“Our country has all the documentation he’s needed to give him a serviceman’s burial. And why it’s not happening, I don’t understand. Even if he doesn’t have any family, a fellow serviceman ends up with his remains, goes through the correct channels and it’s still in limbo,” Heffernan said. “It’s disheartening.”

The Independent reached out to Tom Scanlon, adjutant of Middlebury American Legion Post 27 and current commander of the Vermont American Legion. Scanlon said he’s aware of the rule requiring next of kin to confer remains to a funeral home, but added this was the first he’d ever heard of a veteran’s ashes being caught in a bureaucratic holding pattern.

He said he’d look into some possible solutions, including having a veteran like Heffernan apply through the courts to become conservator of Moch’s remains — which would then give that person the legal right (in the absence of next of kin) to initiate funeral proceedings.

In the meantime, Scanlon hopes a Moch relative surfaces to go to bat for the deceased veteran, who might have confided specific wishes for his eventual burial. And perhaps that relative could shed more light on Allan Moch’s life, military service and how he wound up in a scrapyard.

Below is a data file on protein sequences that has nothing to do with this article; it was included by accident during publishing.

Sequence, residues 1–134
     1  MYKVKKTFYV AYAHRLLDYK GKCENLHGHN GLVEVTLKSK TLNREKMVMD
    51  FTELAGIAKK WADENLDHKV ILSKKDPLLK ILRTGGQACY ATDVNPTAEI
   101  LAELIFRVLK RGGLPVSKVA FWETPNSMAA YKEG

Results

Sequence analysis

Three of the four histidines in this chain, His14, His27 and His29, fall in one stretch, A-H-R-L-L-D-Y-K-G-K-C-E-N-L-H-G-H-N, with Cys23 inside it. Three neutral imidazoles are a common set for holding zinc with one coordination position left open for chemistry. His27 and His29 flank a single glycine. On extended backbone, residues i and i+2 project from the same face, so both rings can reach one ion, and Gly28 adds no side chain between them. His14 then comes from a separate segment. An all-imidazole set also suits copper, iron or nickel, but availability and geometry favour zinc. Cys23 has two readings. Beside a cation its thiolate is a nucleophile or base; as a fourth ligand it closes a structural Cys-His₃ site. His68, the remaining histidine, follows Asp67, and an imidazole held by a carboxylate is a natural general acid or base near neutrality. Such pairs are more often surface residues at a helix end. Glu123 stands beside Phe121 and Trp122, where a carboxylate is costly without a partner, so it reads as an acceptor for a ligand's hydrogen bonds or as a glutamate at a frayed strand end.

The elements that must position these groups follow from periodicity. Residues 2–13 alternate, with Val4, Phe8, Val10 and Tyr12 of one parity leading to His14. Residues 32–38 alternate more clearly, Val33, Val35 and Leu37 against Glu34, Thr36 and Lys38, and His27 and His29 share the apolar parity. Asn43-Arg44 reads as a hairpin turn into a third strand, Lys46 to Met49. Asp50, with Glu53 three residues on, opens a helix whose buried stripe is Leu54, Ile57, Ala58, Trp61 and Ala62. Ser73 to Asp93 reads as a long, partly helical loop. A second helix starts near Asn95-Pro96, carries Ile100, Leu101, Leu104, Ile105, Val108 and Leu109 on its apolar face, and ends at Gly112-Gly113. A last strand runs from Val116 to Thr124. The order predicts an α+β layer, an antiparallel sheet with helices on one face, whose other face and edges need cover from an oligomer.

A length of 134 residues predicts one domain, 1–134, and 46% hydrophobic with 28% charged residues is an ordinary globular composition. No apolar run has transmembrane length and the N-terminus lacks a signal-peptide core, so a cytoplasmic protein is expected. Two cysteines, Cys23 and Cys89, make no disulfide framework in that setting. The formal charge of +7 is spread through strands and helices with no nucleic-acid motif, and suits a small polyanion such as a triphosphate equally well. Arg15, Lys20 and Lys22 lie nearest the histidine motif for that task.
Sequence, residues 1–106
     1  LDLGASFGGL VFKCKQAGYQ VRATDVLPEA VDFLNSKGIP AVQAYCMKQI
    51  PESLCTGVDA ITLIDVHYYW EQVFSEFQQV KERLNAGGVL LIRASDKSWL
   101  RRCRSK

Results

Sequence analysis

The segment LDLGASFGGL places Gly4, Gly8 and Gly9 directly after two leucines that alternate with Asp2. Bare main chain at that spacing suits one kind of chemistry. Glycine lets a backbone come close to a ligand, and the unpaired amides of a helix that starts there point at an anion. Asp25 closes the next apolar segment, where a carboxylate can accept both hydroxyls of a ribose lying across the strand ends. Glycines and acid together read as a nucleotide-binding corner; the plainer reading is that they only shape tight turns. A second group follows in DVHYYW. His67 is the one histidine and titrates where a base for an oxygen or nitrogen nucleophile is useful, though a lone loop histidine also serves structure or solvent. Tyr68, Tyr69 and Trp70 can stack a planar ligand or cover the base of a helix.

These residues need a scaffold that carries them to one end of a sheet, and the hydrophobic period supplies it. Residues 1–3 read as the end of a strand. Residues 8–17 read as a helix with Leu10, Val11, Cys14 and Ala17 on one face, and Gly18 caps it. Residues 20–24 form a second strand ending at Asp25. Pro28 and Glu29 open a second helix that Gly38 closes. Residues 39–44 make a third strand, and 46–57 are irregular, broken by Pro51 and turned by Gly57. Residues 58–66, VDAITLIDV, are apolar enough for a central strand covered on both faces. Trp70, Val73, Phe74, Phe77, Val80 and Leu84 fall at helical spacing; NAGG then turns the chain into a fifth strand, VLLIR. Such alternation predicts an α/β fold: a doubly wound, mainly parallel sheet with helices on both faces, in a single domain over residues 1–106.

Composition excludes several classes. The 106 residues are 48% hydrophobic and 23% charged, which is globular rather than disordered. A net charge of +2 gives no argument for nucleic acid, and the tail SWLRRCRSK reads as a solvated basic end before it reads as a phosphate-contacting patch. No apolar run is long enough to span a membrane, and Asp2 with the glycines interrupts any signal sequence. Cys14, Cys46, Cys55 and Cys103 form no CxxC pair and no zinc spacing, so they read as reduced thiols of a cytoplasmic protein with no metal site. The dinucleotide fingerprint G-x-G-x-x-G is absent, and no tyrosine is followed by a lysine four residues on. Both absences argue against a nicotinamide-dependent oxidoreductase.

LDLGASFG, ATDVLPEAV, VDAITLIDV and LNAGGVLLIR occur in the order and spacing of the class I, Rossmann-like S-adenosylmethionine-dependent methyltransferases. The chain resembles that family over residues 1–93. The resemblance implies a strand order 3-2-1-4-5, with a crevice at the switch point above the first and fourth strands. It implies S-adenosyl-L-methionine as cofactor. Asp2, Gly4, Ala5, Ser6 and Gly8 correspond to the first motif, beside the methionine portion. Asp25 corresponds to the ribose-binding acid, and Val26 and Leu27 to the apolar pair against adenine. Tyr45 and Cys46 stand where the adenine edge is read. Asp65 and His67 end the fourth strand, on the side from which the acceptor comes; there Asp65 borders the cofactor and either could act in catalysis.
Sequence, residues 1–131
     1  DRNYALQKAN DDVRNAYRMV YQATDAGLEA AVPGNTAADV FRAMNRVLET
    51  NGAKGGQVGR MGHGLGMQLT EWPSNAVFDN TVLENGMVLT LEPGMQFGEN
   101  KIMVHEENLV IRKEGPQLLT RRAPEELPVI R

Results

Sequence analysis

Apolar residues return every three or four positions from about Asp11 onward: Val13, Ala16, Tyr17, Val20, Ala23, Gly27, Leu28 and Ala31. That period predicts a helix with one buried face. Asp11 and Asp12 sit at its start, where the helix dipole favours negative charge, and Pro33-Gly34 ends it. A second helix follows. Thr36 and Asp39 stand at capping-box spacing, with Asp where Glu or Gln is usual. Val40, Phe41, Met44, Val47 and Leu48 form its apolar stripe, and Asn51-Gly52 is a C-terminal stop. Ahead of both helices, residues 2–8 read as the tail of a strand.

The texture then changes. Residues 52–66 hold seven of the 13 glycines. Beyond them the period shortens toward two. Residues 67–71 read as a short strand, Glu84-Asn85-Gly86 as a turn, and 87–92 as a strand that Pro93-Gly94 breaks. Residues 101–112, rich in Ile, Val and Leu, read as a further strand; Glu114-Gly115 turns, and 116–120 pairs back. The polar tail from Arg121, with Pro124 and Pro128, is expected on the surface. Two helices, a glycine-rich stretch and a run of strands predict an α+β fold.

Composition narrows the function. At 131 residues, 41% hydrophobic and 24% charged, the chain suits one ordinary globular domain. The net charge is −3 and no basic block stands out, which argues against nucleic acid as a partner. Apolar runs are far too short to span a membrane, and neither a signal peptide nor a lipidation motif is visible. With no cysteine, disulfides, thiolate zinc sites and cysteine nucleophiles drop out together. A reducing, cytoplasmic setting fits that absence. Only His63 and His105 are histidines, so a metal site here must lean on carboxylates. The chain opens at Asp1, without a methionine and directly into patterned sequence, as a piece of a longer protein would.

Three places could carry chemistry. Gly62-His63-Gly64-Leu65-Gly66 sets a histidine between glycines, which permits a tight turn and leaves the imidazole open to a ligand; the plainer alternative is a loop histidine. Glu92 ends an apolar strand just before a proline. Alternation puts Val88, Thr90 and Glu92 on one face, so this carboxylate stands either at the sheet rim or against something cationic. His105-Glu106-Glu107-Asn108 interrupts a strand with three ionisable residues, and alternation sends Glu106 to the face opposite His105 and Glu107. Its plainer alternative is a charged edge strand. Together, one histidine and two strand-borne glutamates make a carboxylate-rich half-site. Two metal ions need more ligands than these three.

“I bet he was just forgotten — which is terrible,” Scanlon said.

Until his fate is sorted out, Allan will continue to wait patiently on his perch at HIRS in Bristol.

“It’s a mystery as to what brought him to our scrapyard. But it’s time to get him a proper burial,” Heffernan said.

A proper burial is a nation’s promise to its veterans, and Heffernan is reminded of it each time he walks past Allan’s urn.

“We’ll get you there, eventually,” he assures him.

Editor’s note: Steve Heffernan is the brother-in-law of reporter John Flowers.